Interview: Filmmaker Eric Bricker
A documentary screening at Dwell on Design zooms in for a close-up on 98-year-old architectural photographer Julius Shulman and his iconic images that came to define modernism and Los Angeles with a single click of a shutter.
After a chance meeting with the captivating Shulman, filmmaker Eric Bricker set to work directing the first feature-length documentary on the national treasure: Visual Acoustics: The Modernism of Julius Shulman. Narrated by Dustin Hoffman and starring a litany of design stars—architect Frank Gehry, designer Tom Ford, artist Ed Ruscha, publisher Benedikt Taschen, and Dwell's own LA editor Frances Anderton—the film was the winner of the 2009 Palm Springs International Film Festival Audience Award for Best Documentary Feature. It even got rave reviews from master lenser Shulman himself (he has seen the film four times, and says he never tires of it). Visual Acoustics will screen at this year's Dwell on Design: A Night at the Movies on Saturday, June 27, at the Geffen Contemporary in downtown Los Angeles, followed by a Q&A with Bricker himself. In the meantime, we caught up with Bricker at his home in Austin for a few Q&As of our own.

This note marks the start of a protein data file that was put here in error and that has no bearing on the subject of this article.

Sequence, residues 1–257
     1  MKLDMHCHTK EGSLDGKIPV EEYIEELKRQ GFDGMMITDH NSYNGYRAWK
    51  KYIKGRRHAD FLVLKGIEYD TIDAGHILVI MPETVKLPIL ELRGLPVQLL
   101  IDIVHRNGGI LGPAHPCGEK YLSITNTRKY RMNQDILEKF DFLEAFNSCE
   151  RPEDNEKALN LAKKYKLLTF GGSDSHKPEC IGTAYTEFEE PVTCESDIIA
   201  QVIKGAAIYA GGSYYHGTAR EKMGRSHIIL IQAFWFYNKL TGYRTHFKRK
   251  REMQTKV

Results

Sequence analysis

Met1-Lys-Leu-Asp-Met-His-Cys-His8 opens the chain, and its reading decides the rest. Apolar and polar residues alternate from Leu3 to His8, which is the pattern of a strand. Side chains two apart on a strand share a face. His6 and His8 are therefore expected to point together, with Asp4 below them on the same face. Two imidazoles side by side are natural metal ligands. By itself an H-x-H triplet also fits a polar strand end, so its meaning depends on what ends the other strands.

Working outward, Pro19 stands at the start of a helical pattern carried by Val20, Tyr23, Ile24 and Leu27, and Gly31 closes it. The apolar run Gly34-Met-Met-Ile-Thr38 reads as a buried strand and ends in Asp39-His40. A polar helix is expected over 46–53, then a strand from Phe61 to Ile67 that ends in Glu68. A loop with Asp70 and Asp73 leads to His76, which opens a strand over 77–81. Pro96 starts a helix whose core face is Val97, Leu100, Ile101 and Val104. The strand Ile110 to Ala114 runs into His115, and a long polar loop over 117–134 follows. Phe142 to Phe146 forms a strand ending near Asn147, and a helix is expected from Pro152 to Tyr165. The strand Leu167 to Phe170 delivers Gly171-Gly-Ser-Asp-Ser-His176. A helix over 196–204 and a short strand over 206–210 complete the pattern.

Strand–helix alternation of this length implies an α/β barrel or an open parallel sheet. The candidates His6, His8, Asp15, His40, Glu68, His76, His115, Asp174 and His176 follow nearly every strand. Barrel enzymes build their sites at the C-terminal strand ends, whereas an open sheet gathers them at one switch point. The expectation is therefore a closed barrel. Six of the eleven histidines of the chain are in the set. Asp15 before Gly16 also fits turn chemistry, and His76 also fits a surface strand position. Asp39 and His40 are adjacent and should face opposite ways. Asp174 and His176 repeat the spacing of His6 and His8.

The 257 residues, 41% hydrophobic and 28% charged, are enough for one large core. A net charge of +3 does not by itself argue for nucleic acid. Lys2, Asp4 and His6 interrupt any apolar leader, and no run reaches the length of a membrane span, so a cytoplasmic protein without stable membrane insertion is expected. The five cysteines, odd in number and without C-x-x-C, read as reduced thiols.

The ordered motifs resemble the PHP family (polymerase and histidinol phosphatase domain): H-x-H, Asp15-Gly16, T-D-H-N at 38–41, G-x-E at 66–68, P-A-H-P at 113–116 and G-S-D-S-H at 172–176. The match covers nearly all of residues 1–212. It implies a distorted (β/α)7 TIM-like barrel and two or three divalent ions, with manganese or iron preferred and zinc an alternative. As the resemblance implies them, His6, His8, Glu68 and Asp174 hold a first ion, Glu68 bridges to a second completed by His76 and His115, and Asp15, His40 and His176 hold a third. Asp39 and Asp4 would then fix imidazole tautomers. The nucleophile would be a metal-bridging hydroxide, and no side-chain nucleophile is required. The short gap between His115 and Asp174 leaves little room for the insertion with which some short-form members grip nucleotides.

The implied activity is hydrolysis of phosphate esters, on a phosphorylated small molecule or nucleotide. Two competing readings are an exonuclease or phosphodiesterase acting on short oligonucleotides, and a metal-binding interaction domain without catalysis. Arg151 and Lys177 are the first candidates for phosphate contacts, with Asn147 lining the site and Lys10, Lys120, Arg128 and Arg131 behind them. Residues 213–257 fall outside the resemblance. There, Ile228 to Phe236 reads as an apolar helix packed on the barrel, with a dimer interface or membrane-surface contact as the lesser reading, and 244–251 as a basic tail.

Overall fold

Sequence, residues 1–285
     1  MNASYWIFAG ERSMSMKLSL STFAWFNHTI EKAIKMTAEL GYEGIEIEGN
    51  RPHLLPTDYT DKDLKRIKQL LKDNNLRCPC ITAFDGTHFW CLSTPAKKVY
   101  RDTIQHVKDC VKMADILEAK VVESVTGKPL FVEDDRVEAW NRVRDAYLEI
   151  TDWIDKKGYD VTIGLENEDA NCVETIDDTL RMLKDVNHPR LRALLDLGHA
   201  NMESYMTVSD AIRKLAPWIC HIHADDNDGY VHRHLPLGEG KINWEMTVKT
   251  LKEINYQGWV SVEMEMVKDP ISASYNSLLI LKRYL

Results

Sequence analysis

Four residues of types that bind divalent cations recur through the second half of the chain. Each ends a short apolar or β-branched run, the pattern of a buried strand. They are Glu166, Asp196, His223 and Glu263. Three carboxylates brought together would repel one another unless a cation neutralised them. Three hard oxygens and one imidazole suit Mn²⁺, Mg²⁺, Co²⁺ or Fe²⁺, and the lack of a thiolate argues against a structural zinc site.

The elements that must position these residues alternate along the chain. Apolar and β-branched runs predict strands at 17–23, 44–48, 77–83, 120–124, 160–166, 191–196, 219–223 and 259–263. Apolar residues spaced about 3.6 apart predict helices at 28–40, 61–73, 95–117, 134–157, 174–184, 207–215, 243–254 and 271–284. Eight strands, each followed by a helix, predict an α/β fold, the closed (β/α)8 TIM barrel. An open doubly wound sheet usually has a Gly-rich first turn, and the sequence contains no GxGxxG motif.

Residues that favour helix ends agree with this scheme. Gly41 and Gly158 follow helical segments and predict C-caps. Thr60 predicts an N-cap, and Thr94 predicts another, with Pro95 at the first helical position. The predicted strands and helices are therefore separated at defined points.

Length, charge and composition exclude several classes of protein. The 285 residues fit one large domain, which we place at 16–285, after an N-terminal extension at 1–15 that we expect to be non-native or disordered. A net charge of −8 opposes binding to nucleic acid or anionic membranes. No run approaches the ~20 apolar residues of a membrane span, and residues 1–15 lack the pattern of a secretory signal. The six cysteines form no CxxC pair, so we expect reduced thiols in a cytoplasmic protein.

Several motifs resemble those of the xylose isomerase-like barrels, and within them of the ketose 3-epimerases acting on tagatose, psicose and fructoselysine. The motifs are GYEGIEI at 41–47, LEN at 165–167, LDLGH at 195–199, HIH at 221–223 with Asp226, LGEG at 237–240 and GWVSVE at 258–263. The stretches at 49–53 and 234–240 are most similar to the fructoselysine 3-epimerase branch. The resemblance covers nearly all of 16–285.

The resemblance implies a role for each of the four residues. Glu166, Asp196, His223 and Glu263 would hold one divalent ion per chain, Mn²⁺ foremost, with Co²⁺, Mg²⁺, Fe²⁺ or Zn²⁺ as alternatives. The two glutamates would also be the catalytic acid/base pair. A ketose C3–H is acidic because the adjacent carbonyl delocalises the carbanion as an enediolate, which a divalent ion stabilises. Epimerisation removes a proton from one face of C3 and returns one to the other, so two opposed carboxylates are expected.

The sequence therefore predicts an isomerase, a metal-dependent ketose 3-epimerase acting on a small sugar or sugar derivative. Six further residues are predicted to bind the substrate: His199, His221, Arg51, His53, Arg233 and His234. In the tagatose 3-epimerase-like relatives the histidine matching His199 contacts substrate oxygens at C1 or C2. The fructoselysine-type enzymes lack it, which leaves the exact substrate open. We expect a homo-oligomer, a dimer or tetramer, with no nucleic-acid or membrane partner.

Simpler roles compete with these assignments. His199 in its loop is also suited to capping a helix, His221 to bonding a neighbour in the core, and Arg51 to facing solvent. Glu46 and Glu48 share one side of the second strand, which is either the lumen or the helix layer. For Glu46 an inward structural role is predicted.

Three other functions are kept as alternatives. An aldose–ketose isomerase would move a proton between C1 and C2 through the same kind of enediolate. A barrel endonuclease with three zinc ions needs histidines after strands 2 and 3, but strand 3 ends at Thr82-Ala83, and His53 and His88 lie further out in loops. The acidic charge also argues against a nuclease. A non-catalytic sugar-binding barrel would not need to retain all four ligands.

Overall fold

You attended Indiana University and Cal State Long Beach focusing on theater with the intention of acting, so how did you come to make a documentary about an architectural photographer?
When I ended up in Los Angeles I quickly realized that acting was not for me. I realized I wanted to make my own films. I was about 25 at that point and so I went into the family trade of art consultation, the whole idea being that someday I'd get myself into a position to make my own films. And through that, I met Julius. His next-door neighbor owned a building on Orange Street, which is my favorite street in LA. I called her because I wanted to rent a unit in her apartment building but she didn't have any vacancies, so I invited her over to meet me and my fiancée. I was hoping to get moved up on her list. She is an amazing person, she's been Julius' next-door neighbor since the '50s—they share a driveway. We just started talking, and I needed some black and white photography of 1930s San Francisco for a project. I don't know how it got thrown out there, but she said, "Why don't you call my neighbor, his name is Julius Shulman." And she gave me his telephone number, and I called him, and like he does, even today, he answered and said, "Julius Shulman." And I told him what I needed and he said, "Sure, come on up!"